Being the captain of your life is vital. Some people are natural born leaders. This can be welcoming, especially for someone who may be indecisive in a particular situation. However, over time, someone who consistently makes decisions that you somehow find yourself going along with may be inadvertently communicating to you that they: 1) Do not value your opinion, 2) Do not trust your judgment, or 3) Do not respect you. Regardless of the perspective, each one yields the same result: Controlling you.
Finding yourself tied into someone’s projected control can be subtle, and can happen in just about any relationship. After all, we live in a society of leaders and followers, doers and observers, those who take initiative and those who spectate. As you choose your role, patterns slowly seep in, and become more noticeable over time.
There isn’t really any one thing, in my humble opinion, that causes someone to be controlling or not. However, this particular trait is something to look out for in others for a variety of reasons. Firstly, you don’t want to lend yourself to being someone’s scapegoat. More importantly, you don’t want to find yourself in an abusive relationship.
As we draw nearer to Domestic Violence Awareness month in October, there is at least one thing that can be taken note of to help you to avoid finding yourself in an abusive situation: Controlling behavioral patterns.
Controlling behavior is a huge red flag that you are dealing with a partner who has the propensity to be abusive. Setting and adhering to boundaries at the outset (aka: nipping it in the bud) can help you to avoid finding yourself in an abusive relationship. Keep in mind, abuse comes in more than physical form.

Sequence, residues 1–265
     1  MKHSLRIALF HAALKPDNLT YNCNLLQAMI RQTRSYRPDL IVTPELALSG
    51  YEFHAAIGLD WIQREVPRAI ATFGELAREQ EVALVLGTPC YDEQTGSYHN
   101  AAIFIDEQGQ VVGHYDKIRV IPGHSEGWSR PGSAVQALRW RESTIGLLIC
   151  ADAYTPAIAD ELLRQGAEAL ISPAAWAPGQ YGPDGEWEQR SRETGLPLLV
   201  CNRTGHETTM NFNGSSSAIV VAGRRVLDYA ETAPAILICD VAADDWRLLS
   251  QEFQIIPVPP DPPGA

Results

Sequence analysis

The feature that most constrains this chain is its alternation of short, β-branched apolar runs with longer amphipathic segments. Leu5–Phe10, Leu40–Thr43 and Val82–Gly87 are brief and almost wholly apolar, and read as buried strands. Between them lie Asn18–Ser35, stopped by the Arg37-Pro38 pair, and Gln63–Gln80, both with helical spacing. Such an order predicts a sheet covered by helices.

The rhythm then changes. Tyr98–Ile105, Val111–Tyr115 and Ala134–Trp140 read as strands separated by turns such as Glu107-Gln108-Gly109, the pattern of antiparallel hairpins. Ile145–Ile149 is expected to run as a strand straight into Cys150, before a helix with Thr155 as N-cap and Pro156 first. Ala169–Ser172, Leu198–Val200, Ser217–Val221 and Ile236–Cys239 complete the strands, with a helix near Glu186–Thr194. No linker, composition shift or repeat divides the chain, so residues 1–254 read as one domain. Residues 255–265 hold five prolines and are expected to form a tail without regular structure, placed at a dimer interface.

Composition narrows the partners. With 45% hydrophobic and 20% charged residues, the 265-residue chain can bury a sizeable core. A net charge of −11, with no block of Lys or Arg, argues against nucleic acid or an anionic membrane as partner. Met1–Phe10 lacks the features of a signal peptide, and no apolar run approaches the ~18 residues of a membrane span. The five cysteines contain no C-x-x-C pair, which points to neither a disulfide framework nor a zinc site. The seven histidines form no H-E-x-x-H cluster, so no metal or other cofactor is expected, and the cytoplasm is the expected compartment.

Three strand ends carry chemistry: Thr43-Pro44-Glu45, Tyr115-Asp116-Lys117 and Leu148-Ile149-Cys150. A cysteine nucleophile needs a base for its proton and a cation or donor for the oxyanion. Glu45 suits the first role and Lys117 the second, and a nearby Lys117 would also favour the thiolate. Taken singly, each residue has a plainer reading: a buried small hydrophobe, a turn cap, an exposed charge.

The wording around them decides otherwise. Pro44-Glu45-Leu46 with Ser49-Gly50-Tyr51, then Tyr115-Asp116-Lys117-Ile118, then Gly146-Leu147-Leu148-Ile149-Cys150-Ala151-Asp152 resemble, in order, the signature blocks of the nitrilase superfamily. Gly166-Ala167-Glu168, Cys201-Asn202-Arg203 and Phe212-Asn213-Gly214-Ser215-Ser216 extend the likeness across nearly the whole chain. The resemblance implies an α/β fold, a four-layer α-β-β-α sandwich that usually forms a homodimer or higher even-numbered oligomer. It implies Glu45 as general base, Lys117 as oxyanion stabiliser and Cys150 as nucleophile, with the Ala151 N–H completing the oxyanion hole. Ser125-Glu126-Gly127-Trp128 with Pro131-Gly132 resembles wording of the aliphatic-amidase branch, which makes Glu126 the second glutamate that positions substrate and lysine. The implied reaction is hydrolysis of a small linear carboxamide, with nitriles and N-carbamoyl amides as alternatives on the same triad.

“You…deserve to acknowledge your boundaries and communicate them clearly with the people around you…Whatever your needs are, you have to give yourself permission to explain them, ask for them to be respected, and expect that the people in your life will respect the boundaries that you set. If you respect your boundaries, others will too” .
Sometimes you have to stop to ask yourself whether you are doing something because it is your interest or desire, or whether it is someone else’s, even with the seemingly minute details. When opportunity presents itself, the puppeteers start to pull strings.
Something else to keep in mind is the old adage: If you give them an inch, they’ll take a mile. If you’ve clearly communicated a boundary, but find yourself up against someone who is unremitting, that may simply not be the best situation for you. After all, there is a balance between standing firm for something you want, and manipulating someone else into going along with it.
If you stop for a moment and really think about it, someone who tends to exhibit controlling behavioral patterns has a hard time accepting ‘no’, and will say and do many things to get their way. Emotional manipulation can manifest via threats, belittling, or teasing . The end result would be either yielding to the emotional manipulation or rebelling against it. Ideally, for the individual who has pegged someone they believe they are capable of controlling, the recipient will relent and give them what they desire. For you – the reward for not being firm about your boundaries: Misery and self-doubt, at a minimum. Viola. You’ve created a threshold for when you will give in to their tactics.
To be fair, I’m not advocating for anyone to be unnecessarily combative. When someone shows you that they do not value your opinion, trust your judgment, or simply that they do not respect you, are you willing to walk away?
Recognize the signs. Stand firm. Respect yourself.
- King, Vex. Healing is the New High. Hay House, 2021.